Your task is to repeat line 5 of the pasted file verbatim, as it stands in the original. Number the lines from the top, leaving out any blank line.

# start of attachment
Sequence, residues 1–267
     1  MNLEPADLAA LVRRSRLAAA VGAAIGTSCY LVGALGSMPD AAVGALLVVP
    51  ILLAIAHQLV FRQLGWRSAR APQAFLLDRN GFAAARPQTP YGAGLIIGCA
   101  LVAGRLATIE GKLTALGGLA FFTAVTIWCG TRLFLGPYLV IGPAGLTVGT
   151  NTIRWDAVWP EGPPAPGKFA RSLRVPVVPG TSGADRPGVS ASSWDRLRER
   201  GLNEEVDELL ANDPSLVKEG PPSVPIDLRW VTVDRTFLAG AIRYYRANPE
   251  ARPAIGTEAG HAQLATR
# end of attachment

   151  NTIRWDAVWP EGPPAPGKFA RSLRVPVVPG TSGADRPGVS ASSWDRLRER